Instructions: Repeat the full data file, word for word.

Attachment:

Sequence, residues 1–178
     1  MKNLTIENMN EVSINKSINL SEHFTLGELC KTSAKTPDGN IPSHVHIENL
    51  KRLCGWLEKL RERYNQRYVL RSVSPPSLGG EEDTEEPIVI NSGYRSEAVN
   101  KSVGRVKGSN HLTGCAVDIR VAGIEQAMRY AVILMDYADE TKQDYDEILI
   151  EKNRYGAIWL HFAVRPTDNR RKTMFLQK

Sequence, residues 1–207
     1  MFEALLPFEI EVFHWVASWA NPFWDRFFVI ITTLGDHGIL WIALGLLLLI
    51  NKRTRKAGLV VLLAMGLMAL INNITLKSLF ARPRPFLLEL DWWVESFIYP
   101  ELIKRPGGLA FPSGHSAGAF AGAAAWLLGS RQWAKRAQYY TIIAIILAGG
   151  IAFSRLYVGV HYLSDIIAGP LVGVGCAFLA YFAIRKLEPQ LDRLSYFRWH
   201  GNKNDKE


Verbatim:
Sequence, residues 1–178
     1  MKNLTIENMN EVSINKSINL SEHFTLGELC KTSAKTPDGN IPSHVHIENL
    51  KRLCGWLEKL RERYNQRYVL RSVSPPSLGG EEDTEEPIVI NSGYRSEAVN
   101  KSVGRVKGSN HLTGCAVDIR VAGIEQAMRY AVILMDYADE TKQDYDEILI
   151  EKNRYGAIWL HFAVRPTDNR RKTMFLQK

Sequence, residues 1–207
     1  MFEALLPFEI EVFHWVASWA NPFWDRFFVI ITTLGDHGIL WIALGLLLLI
    51  NKRTRKAGLV VLLAMGLMAL INNITLKSLF ARPRPFLLEL DWWVESFIYP
   101  ELIKRPGGLA FPSGHSAGAF AGAAAWLLGS RQWAKRAQYY TIIAIILAGG
   151  IAFSRLYVGV HYLSDIIAGP LVGVGCAFLA YFAIRKLEPQ LDRLSYFRWH
   201  GNKNDKE